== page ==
- Dog parks, doggy walks – unless you have a confident and well socialized pup or dog, these should be avoided at all cost. To expose a dog to an experience such as this will just increase the dogs fear and possibly result in aggression – sorry, but the dog won’t just ‘get over it’! If we bear in mind that about 98% of aggression is fear based (just the behaviour the dog exhibits has escalated), then we can understand why the dog acted in an aggressive manner – the act of aggression had resulted in the perceived threat leaving, therefore the dog is more than likely to repeat the aggression as it worked.
- Pass the Puppy – this is an exercise that is practised at many puppy schools and is an excellent exercise IF the pup is confident around people and the people running the puppy school can recognize when a pup is not coping – unfortunately, this is not always the case. If the pup is nervous or fearful, we can think of very little that would be worse for a pup to be passed from person to person – a sure way to reinforce the pups fear and could well result in the pup nipping out of sheer fear or shutting down completely and increasing the pups fear of people.
- Forcing a pup or dog to approach an object it is fearful of – all that is achieved here is that the dog could shut down, you damage the human/canine bond, and on average the dog starts to become afraid of other objects as well. In a situation such as this, we would use systematic desensitization in order to help the dog to gain confidence and overcome its fear.
- Storm/Fireworks and noise fear – a hard one this, and often the dog that starts to jump up and down like a yoyo and attempt to catch the lightening (or firecrackers), is a dog that is already saying it is not coping. When a dog can’t cope, it very often goes into what is termed Fooling Around behaviour. These fears mentioned above all require gentle and systematic desensitization to help the dog overcome the fear.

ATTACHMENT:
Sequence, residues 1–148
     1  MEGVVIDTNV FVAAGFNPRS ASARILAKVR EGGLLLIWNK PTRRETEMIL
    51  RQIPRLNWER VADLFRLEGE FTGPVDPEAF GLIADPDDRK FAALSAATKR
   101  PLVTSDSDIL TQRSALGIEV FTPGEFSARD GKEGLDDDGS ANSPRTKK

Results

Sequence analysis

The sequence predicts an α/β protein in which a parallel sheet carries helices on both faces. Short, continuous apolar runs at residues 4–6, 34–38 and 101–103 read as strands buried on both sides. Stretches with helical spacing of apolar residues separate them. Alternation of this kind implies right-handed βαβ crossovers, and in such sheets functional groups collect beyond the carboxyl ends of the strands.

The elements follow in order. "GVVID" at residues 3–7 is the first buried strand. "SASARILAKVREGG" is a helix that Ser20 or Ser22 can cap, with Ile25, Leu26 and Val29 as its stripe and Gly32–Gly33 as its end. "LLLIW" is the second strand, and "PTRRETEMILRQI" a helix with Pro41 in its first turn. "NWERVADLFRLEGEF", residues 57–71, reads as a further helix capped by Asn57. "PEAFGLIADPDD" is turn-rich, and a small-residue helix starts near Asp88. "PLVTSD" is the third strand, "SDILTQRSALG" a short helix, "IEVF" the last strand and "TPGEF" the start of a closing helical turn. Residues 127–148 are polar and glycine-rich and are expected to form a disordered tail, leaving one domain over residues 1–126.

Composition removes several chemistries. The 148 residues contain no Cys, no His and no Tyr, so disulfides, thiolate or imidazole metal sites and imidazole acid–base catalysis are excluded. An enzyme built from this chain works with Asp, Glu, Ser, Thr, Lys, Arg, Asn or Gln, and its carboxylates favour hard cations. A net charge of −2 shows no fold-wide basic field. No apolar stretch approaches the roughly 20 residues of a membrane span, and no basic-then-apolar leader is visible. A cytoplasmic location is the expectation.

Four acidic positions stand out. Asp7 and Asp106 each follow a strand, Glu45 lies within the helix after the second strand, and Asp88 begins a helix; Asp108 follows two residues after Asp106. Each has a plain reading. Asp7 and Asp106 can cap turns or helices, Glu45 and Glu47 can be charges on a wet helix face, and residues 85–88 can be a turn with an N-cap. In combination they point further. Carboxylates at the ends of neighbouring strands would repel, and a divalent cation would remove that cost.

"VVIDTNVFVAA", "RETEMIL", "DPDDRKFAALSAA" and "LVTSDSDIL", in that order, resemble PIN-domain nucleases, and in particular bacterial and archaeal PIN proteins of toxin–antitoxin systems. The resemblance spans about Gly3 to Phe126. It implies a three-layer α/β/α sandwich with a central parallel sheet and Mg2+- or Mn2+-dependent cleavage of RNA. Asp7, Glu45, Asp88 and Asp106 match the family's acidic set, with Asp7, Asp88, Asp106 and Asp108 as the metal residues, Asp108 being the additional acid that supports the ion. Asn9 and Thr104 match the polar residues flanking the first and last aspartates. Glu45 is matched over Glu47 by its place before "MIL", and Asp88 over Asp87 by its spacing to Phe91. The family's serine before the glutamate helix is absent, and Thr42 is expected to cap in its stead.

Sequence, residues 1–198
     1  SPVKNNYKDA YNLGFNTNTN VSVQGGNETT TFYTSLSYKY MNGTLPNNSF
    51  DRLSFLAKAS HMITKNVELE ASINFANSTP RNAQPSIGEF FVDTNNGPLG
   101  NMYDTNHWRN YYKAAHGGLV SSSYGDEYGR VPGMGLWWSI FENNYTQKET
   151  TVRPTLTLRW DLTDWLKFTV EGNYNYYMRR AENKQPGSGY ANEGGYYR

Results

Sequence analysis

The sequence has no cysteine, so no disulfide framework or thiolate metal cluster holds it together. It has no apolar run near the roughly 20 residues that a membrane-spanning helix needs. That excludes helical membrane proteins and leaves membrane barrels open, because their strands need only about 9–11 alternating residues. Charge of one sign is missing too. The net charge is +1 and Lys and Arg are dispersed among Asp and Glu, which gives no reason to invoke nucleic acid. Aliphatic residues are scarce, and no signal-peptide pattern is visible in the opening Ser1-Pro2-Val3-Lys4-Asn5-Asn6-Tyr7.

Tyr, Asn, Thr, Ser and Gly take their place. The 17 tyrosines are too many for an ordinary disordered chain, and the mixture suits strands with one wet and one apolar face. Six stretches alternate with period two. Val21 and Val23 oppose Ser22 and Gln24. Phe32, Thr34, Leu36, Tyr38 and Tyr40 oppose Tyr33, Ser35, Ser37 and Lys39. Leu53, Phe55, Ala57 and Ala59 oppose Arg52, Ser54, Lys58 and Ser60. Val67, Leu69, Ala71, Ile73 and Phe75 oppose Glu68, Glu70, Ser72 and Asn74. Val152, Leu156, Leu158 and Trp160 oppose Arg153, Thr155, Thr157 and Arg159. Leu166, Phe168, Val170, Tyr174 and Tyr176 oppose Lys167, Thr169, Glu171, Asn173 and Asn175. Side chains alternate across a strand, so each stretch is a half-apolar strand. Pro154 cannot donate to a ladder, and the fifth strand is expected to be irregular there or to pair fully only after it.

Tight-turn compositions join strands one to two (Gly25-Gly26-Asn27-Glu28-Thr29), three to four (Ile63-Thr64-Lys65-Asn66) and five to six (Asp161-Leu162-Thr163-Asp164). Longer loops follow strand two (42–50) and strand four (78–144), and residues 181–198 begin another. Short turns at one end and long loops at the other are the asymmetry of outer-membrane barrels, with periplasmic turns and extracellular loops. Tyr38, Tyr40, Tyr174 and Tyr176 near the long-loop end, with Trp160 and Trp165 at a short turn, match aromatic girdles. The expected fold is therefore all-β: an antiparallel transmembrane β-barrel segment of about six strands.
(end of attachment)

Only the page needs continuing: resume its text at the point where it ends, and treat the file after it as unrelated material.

- Going to the vet if the dog is fearful of same – this is often based on previous experiences and each and every time the dog is forced to go to the vet, the aggressive or fearful behaviour escalates. With some dogs, the only time they get into the car is to go to the vet and you often find that the dog starts to develop a fear of the car as well! As mentioned previously, situations such as this, plus dogs exhibiting fear at grooming parlours, can be overcome with systematic desensitization and some other behaviour modifications.
- Taking the pup or nervous dog to a busy area, such as a flea market, shopping centre – again, we are inadvertently flooding the dog and causing problems. With dogs such as this, we would gradually work on the dog being exposed to one or two people at a time and gradually building its confidence. What owners also do not always understand, is that the dog is also in a totally strange location, cannot get away, and this serves to increase the fear.
- Training schools, shows etc – if you do have a dog that shows fear or aggression in a training class or at a dog show, you are again, inadvertently flooding that dog. Rather systemized desensitization is used to slowly and gradually build the dogs confidence.
Some very basic body language that a dog may exhibit if it is not coping, would be to look away completely (ignoring), try to make itself smaller, tail goes between the legs and the hindquarters lower, much like crouching, dog may try to hide behind the owner or behind an object, nervous barking, whining, breathing may increase, the dog may start to pant and even drool and whale eye can occur – this is when the white of the eyes is showing, and is often a prelude to a bite, and the dog may go very, very still with the body being stiff – this is also a sign that possible aggression may be forthcoming and is called the Stillness – this can be very dangerous.
If you are having problems with a dog that is fearful, we really suggest your contact a professional and get the help the dog needs.